The Curse of Being a Hearst

Margarita Peces Collar

Artwork By Rusa Topuria

Our story starts with William Randolph Hearst, born in 1863 in San Francisco, California. Not only was he to become one of the most successful businessmen before the Great Depression, but he was also an individual of exquisite and demanding tastes. Some would argue he was a strange man, and if bizarreness runs through blood, maybe we could finally find an explanation for each of the scandals and rumours that have haunted this family for generations. If you are born a Hearst, it seems, the world will know in one way or another; it’s the curse that comes with the name.

Now let’s go back to the man that started it all.

William held immeasurable influence over the media during the first quarter of the 20th century, even when The Great Depression drastically weakened his financial situation and forced him to sell some of the newspapers he owned (Britannica, 2021). It can happen that, when you are the owner of more than 30 media outlets including several radio stations, news services, and film companies within your country, losing a few assets may only feel like a slightly disturbing breath of air ruffling your hair on a summer night. Yet for us, such a loss would feel like being trapped in the middle of a tornado.

Therefore, even after economically challenging times for W.R. Hearst, enormous fortunes – accompanied by almost as many rumors and scandals – would follow the Hearst surname decade after decade.  And maybe money doesn’t buy happiness, or at least that’s how the saying goes; however, it did buy William Randolph Hearst the cloisters and outbuildings of a Segovian monastery he transferred stone by stone to Florida for its reconstruction (The Ancient Spanish Monastery, n.d.).  So, if you are in North Miami Beach and something seems a bit too medieval to you, you may have found the famous cloisters of the ancient Spanish monastery. What had once been a part of the St. Bernard de Clairvaux Monastery in Sacramenia since its construction in 1133, was now faced with a stubborn W.R. Hearst of 1925, who made a jigsaw puzzle out of the attempt to take it with him. A jigsaw puzzle that only after his death would be solved and seen correctly arranged again.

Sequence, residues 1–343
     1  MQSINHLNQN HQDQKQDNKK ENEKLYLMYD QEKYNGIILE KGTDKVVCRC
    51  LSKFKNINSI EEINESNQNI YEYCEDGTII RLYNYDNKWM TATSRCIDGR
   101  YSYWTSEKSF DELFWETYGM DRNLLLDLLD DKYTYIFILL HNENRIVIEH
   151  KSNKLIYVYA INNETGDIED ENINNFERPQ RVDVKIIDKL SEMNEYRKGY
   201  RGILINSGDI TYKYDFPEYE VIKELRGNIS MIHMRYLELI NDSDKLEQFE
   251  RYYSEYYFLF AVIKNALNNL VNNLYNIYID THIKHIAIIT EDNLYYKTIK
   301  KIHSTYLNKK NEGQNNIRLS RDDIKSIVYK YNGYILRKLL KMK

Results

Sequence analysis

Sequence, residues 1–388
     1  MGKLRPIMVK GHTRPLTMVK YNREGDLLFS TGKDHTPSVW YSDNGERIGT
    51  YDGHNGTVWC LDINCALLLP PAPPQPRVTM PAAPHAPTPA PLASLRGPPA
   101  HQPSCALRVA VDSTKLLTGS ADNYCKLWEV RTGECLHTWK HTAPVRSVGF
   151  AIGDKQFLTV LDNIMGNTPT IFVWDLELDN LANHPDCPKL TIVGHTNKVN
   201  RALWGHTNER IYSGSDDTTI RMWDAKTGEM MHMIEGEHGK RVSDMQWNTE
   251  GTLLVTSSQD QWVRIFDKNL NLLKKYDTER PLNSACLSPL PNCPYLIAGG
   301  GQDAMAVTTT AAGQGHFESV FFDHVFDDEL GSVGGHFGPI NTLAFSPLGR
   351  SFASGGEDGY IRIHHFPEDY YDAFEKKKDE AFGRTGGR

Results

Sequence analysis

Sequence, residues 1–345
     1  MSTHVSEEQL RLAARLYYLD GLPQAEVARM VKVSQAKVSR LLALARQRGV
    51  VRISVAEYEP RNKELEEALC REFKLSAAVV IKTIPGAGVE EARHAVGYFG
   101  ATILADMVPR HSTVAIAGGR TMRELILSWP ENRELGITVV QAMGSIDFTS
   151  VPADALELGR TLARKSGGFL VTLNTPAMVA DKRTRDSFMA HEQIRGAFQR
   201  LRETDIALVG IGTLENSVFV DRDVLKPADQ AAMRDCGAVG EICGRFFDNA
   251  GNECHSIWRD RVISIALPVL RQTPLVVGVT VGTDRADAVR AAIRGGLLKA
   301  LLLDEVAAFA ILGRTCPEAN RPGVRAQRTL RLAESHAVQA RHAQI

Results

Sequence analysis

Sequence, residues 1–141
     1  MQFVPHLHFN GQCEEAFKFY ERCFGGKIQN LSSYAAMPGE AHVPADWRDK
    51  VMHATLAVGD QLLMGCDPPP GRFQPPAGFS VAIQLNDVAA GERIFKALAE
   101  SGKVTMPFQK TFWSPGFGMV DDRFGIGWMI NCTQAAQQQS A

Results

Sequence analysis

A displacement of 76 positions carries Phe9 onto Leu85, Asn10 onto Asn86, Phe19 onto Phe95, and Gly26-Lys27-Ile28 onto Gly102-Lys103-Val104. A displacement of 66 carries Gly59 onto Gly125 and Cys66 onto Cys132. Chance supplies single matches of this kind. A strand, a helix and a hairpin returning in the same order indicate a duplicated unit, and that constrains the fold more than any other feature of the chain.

So, money doesn’t buy happiness, but it can definitely buy a 12th-century monastery.

And sure, it may not buy happiness, but it can most definitely pay for a ransom; and everyone knew, back in the 1970s, which family had the means to do such a thing. Wealth makes celebrities and personalities rank among some of the most desired targets for cold-blooded kidnappers. The case of Patricia Hearst, granddaughter of the widely recognized William R. Hearst, was no exception. 

Patty Hearst, as everyone knows her, inherited not only fame and fortune but also bad luck from her family name. Her grandfather endured the consequences of the 30s’ Great Depression and although part of his monetary fortune was forever lost, his bad fortune endured and was passed on to the rest of his descendants. In February 1974, after being kidnapped by armed members of the Symbionese Liberation Army, William’s granddaughter unintentionally took the Hearst family name back to the headlines of every newspaper in the States again (Republic World, 2021). And this time, it was not because a Hearst controlled all the existing media in the country. 

But when you are a Hearst, things cannot just go as they would on an episode of CSI Vegas. 

Why would you just admire a monastery when you travel to Spain, taking home a magnet like the rest of us would do, if you can just buy every single stone that makes it up and have a real-life souvenir placed in the middle of Miami Beach?

The Hearst mentality might be transferred through genetics, because instead of simply being a victim of a kidnapping and having her family pay for her rescue so that everything could go back to normal, Patty Hearst chose to join the army that captured her, after indescribable abuse. She ended up receiving a sentence of no less than seven years in prison after being found guilty of armed bank robbery, among several other felonies as a member of the same group that once held her hostage (FBI, n.d.).

No one can blame the 19-year-old Patty for suffering from Stockholm Syndrome and feeling sorry for her kidnappers. However, one cannot help but wonder how it is that the same world that now dies to know about a Kardashian’s every step, just in case something juicy happens for Twitter to talk about for the next few hours, is probably far from aware of this woman’s story: The fact of the matter is that she exists, married a cop she met right after she was sentenced to spend the next seven years of her life in jail, and is the granddaughter of a man that left a Segovian town churchless in the 30s.

To Patricia Hearst, still alive today and out of prison after serving time for two years, receiving a presidential pardon and decades of calm: we truly hope the Hearst family name comes with a great deal of psychological resilience and not just money and renown. But if your children decide to use their father’s surname instead of yours, don’t take it personally.

It might be their only chance to break the curse that comes with being a Hearst.


Britannica, T. Editors of Encyclopaedia (2021, April 25). William Randolph Hearst. Encyclopedia Britannica. 

FBI. (n.d.). Patty Hearst. FBI Federal Bureau of Investigation. Retrieved July 4, 2021, from

Republic World. (2021, May 25). What Happened To Patty Hearst? Details About Her Kidnapping And Events That Followed. Republic World.

The Ancient Spanish Monastery. (n.d.). History | Spanish Monastery. Spanish Monastery. Retrieved July 4, 2021, from 

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